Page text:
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Committee approves Great Salt Lake license plate

SHARE Committee approves Great Salt Lake license plate
Nick Lobos cleans his 1950 Ford during the Rumble in the Park car show at Pioneer Park in Salt Lake City.

Nick Lobos cleans his 1950 Ford during the Rumble in the Park car show at Pioneer Park in Salt Lake City on Sunday, June 13, 2021. A 2021 study on Utah’s license plate program notes that of the 74 special license plates currently in circulation, 19 receive no revenue at all.

Jeffrey D. Allred, Deseret News

A bill that would create a Great Salt Lake special license plate and direct revenue toward lake-related preservation efforts passed committee Thursday. 

The Senate Transportation, Public Utilities, Energy, and Technology Committee approved Sen. Jen Plumb’s SB92 with a vote of 3-1. Sen. Wayne Harper, R-Taylorsville, was the only nay vote.

The plate would cost $25 at the time of registration in addition to any applicable license plate fees. Revenue from the sale of the plates would go into the Sovereign Land Management Account. Plumb, D-Salt Lake City, envisions small local agencies applying for those funds for research or education surrounding the lake.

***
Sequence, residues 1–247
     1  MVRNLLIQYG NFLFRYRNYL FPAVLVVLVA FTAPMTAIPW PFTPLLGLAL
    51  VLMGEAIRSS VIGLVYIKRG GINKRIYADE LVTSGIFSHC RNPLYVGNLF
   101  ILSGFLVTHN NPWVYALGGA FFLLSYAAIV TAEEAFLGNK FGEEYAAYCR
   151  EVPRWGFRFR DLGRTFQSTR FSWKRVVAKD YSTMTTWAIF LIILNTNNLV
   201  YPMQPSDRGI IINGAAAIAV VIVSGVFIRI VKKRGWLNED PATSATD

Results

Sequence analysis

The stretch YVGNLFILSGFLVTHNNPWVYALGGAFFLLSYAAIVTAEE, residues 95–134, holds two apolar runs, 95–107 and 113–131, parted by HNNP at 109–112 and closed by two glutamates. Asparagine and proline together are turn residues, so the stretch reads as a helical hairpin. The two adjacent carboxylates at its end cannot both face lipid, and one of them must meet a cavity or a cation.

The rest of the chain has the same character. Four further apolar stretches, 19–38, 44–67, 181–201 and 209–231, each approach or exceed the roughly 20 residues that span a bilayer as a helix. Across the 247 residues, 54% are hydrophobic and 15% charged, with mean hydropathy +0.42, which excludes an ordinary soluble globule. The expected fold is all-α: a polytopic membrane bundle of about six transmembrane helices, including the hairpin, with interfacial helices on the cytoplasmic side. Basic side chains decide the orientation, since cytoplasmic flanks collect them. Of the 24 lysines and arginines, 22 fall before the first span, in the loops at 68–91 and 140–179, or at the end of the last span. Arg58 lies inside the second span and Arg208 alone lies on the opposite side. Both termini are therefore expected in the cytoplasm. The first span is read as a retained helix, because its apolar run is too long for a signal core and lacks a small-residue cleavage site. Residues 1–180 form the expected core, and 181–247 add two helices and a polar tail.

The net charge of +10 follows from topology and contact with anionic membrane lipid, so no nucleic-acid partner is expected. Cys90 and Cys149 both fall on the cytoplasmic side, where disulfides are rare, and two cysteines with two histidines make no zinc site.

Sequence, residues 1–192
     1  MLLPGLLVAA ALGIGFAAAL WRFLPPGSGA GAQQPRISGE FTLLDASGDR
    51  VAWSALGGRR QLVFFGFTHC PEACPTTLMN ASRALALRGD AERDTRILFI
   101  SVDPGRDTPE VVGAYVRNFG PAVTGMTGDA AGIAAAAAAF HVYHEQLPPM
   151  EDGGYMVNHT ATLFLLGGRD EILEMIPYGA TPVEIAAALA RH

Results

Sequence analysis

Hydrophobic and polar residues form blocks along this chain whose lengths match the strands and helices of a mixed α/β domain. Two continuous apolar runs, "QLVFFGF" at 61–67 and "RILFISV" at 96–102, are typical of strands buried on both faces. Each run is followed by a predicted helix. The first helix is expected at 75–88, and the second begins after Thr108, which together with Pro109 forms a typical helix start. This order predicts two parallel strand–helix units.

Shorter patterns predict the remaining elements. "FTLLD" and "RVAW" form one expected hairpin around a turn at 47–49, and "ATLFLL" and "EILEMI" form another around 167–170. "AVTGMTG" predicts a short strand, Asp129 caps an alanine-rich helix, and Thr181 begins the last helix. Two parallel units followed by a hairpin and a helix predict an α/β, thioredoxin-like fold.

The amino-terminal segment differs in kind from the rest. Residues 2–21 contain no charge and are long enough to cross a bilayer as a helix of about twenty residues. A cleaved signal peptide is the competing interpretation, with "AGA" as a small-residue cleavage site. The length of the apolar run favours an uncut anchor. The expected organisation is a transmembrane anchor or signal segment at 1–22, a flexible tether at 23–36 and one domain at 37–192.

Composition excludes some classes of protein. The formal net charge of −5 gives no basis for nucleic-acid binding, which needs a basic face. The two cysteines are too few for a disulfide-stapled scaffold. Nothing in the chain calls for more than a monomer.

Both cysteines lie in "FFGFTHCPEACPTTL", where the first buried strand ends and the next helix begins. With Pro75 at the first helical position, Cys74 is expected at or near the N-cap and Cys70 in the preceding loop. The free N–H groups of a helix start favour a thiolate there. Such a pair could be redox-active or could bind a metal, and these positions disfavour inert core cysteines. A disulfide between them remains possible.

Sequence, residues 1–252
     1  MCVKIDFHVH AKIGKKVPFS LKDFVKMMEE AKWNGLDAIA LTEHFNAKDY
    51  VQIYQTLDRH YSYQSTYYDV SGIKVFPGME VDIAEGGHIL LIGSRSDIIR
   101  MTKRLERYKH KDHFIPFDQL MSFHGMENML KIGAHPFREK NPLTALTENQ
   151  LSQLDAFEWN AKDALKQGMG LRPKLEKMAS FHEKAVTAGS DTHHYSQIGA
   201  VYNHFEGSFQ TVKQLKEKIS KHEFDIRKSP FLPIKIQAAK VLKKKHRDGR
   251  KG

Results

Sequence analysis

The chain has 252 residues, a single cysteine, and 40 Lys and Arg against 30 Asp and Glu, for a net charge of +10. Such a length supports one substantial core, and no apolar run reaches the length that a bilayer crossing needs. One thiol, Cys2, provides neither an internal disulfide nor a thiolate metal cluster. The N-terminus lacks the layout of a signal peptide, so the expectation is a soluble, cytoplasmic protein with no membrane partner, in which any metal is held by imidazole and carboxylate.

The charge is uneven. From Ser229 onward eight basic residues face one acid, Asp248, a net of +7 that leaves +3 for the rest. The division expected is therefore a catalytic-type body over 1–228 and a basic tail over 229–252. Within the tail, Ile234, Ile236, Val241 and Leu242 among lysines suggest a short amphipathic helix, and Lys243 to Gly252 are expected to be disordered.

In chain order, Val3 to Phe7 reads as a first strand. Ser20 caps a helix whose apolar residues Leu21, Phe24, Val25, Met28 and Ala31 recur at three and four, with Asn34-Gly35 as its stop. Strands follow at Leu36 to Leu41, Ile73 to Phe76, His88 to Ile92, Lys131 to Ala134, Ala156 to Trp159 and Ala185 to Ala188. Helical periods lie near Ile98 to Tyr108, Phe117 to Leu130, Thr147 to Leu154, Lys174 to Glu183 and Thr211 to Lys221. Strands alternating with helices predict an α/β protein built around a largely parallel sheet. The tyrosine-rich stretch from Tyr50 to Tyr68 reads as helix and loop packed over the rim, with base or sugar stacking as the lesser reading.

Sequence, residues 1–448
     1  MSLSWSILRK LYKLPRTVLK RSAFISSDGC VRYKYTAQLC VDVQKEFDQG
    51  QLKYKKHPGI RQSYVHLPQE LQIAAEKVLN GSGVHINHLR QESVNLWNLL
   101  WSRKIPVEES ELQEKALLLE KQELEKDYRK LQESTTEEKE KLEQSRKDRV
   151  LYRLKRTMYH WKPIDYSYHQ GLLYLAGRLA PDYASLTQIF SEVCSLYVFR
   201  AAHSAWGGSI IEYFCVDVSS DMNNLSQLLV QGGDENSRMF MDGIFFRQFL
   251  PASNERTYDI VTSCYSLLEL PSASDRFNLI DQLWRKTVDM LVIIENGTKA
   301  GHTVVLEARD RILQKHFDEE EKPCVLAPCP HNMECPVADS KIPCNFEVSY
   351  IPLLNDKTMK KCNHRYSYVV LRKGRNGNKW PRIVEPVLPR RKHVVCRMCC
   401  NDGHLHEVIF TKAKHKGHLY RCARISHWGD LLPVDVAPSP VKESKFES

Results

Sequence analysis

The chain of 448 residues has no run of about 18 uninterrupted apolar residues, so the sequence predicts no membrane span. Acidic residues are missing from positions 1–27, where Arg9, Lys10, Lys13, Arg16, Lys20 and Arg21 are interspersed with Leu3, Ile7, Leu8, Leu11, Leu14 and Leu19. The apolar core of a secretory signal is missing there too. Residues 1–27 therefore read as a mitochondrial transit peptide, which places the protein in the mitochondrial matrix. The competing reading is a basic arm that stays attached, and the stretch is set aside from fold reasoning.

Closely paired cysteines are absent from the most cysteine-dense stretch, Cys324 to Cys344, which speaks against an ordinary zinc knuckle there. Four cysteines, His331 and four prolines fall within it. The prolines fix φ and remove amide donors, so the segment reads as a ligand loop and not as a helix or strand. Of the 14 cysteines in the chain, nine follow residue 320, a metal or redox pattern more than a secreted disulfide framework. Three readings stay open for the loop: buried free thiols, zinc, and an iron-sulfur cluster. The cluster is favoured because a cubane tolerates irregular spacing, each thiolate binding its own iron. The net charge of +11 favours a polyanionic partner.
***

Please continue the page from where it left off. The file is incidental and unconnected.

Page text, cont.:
“They wouldn’t be enormous amounts, but … $50,000 to an organization that is unfunded and is doing good work is a game changer,” Plumb said. 

The idea came from two of Plumb’s constituents who reached out to her directly: a biologist and a municipal government worker. As a new senator, Plumb acknowledged that she would most likely not get the funds she was looking for to make a larger impact, hence the license plates. Still, Plumb said she is “excited” about the approval.

“We have got to do everything we can,” Plumb said. “It’s admittedly a very small step, but you know, it’s all the steps.” 

If the Legislature approves the bill, the legislation would be enacted Nov. 1.